It has never been easier than it is now to set up a professional Twitch stream for yourself and show off your skills and charisma to the world.
We could take a look at all the different software on the market, but we chose to narrow it down to the only real contenders. XSplit, Open Broadcaster Software, and the brand new SLOBS.
So in this guide, we will take a look at the best broadcasting software for Twitch streamers today.
Make sure to check out our Twitch stream setup guide for step-by-step guidance.
OBS, SLOBS, or XSplit – Which is Best for streaming?
Unlike most software, when it comes to streaming, there are only a few good choices that make it quite easy to make a decision and get started right away.
Open Broadcaster Software(OBS) – Editor’s Pick
OBS has long been the go-to software for setting up high-quality streams and don’t let the fact that it’s free fool you. Open Broadcaster Software is the best there currently is on the market, even when compared to paid solutions.
There is a reason OBS is by far the most popular option among streamers right now. It is entirely free, exceptionally well coded, and of top-notch quality. On top of that, it is also reasonably straightforward, and it shouldn’t take you long to get it set up. Although if you have never used a broadcasting software before, it can seem a little overwhelming at first. Luckily there are hundreds of capable guides on how to set it up.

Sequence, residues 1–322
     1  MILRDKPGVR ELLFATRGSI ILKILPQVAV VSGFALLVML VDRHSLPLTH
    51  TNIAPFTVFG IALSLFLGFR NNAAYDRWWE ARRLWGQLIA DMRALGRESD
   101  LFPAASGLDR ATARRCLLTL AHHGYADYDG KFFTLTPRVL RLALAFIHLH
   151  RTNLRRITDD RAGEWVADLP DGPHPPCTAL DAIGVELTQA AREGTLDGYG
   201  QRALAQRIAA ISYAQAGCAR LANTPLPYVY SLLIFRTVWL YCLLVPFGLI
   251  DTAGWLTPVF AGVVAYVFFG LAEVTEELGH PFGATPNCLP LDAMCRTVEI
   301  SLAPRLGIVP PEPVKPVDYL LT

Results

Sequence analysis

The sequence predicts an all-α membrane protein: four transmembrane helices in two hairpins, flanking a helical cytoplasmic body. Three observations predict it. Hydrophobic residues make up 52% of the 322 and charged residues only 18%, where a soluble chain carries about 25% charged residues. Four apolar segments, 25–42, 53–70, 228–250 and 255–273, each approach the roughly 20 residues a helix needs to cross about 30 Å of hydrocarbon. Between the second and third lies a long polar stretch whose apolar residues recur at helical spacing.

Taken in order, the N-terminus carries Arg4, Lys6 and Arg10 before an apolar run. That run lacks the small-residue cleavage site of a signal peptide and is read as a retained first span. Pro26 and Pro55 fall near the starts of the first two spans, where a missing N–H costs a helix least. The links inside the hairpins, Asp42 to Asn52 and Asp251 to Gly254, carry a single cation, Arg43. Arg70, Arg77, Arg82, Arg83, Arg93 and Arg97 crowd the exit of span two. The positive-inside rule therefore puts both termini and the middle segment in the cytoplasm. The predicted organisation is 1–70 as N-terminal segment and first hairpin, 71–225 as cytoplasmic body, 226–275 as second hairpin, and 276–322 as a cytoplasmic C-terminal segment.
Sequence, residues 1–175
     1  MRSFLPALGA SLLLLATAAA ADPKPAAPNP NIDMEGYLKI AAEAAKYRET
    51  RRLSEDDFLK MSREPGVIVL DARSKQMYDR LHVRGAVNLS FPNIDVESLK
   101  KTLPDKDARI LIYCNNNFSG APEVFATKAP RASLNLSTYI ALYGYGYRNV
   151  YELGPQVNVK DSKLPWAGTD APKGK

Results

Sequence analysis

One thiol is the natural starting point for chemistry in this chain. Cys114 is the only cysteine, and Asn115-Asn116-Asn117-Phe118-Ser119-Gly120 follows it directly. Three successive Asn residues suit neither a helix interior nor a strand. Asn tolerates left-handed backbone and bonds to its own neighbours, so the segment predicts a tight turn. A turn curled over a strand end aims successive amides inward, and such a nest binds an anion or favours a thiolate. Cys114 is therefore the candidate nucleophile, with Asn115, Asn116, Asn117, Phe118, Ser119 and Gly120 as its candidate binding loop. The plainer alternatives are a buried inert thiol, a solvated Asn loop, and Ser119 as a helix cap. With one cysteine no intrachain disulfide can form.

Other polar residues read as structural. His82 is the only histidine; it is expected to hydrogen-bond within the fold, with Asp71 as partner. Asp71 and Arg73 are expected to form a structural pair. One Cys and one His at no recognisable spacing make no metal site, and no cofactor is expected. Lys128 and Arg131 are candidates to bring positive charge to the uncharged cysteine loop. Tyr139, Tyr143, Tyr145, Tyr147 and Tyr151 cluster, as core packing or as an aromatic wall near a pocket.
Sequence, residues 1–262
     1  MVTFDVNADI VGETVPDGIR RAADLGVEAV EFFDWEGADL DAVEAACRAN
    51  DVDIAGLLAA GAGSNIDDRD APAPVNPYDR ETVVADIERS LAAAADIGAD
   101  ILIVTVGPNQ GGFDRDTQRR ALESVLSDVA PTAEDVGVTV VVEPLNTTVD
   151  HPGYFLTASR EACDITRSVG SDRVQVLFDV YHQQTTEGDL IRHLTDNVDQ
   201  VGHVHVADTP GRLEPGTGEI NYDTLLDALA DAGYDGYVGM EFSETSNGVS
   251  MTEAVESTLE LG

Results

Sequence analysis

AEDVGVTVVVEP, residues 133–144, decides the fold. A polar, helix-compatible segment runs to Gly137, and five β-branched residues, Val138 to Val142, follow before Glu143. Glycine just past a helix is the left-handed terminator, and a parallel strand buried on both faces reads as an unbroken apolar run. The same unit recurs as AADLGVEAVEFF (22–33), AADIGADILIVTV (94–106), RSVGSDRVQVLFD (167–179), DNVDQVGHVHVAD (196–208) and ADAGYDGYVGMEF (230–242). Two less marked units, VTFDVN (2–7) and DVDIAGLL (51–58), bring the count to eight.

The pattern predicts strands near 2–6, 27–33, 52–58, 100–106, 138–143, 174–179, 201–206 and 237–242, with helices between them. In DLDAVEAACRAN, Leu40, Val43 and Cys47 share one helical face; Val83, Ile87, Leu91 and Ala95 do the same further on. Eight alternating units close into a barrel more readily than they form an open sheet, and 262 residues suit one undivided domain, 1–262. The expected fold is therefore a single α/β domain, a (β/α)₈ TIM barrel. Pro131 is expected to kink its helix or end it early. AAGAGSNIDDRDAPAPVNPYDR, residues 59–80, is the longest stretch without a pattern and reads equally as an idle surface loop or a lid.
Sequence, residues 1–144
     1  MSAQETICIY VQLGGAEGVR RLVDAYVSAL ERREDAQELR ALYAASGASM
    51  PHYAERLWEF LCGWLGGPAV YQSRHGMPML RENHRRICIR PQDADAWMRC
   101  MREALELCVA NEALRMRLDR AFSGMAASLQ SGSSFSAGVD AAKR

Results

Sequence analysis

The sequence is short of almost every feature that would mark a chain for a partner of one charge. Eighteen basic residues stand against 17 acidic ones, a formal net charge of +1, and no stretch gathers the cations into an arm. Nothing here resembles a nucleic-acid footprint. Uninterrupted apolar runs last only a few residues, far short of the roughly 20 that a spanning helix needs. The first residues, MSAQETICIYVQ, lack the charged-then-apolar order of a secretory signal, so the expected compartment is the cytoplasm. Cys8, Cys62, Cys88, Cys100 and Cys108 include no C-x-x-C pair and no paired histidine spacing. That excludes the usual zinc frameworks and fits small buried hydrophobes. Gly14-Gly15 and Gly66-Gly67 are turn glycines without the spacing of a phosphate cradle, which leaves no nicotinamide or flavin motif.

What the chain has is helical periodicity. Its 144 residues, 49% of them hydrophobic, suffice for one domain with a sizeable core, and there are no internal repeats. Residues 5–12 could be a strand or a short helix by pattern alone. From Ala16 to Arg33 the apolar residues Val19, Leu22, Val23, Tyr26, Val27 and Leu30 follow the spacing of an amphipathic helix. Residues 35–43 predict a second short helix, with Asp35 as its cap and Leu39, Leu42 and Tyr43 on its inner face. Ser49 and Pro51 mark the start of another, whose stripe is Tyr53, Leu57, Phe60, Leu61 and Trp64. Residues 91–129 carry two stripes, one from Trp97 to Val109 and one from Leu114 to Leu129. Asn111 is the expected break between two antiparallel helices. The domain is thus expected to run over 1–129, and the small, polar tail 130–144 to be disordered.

OBS has almost limitless settings and ways to set it up that guarantees that it can satisfy pretty much any streamer’s needs. However, we do recommend you start with some simple settings to get a feel for it before jumping into advanced setups, but it is nice to know that the possibilities are there.
Being the most popular broadcasting software is, of course, significant in on itself, but it also has the benefit of being becoming the industry standard. This means that every overlay site and other additional streaming software is built to work correctly with OBS first and foremost. Not saying that it won’t work with Xsplit or other broadcasters, but OBS is usually the priority.
The Good: The industry standard, top-notch software with little-to-no bugs, feature-rich, open-source, most reliable streaming broadcaster on the market, easy on CPU.
The Bad: Is lacking some features that the new Streamlabs OBS have.
Streamlabs OBS(SLOBS) – One to look out for
The creators of Open Broadcaster Software has been so generous as to make their software as open-source, hence the name. This means that the code for the program is freely available for everyone to alter or build on as they see fit. While most attempts haven’t looked like an improvement, SLOBS might be the first to improve on the already excellent formula.